## Thursday, June 23, 2016

### Note 5: Can visualization replace analysis?

 What is the most central node in the graph on the left, what is the most central node in the graph on the right?

I always show this figure in my lecture. Then I ask: "What is the most central node in the left graph? What is the most central node in the right graph?" For the first question, it is almost impossible to suppress the urge to shout out: "The one in the middle is!". I think that this is because we humans are used to put the most important thing in the middle, where our (physical) focus is. We believe that if someone puts a thing in the middle, there must be meaning assigned to this. However, in a network visualization, it does not need to be. However, looking closely at the two visualizations, you will find that they display the same graph, i.e., the connections are absolutely the same. And on the right hand visualization, it becomes obvious that every node is interchangeable with every other node (in graph theoretical terms: the nodes are in an automorphism class).  All nodes thus have the same centrality in the network.

Of course, most algorithms try to put nodes in the middle of their neighbors. This already indicates that a node which is at the center of a network (in the sense of smallest closeness) might also be in the center of the visualization of the network. However, there are also other aesthetic considerations, such as the overall ratio of the resulting figure, or edge crossing minimization.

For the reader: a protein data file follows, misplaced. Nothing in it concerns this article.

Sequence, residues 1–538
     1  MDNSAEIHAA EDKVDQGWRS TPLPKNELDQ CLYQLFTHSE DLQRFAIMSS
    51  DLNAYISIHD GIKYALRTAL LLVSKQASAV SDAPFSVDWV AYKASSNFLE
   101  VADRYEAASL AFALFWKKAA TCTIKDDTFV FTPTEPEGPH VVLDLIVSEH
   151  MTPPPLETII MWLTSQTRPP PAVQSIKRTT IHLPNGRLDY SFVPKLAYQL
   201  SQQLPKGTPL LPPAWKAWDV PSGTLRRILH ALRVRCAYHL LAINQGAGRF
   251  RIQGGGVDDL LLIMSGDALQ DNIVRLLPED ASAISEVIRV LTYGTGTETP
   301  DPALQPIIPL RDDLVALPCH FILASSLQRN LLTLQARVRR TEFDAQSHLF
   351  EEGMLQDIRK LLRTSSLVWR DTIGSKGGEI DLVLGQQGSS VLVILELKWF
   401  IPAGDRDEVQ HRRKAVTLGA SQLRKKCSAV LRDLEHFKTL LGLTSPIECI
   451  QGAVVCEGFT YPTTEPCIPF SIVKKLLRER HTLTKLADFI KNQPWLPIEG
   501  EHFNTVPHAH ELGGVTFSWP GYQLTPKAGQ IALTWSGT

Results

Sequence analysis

Looking at a visualization of a network is always a good idea. Being inspired by the visualization and creating a new hypothesis about the structure of it, is absolutely helpful in the first stages of any network analytic project. However, the hypothesis needs to be tested by a quantifiable method - not by another visualization.

"Note 5. A visualization of a network can be both revealing and deceiving. This is why Gephi, yEd, and other visualization tools are perfect for exploration and hypothesis building; it is also the reason why statistical software packages or self-tailored applications are needed to collect quantifiable evidence that a given hypothesis is true." (Zweig2016)

Reference:

(Zweig2016) Katharina A. Zweig: Network Analysis Literacy, ISBN 978-3-7091-0740-9, Springer Vienna, publication expected Dec 2016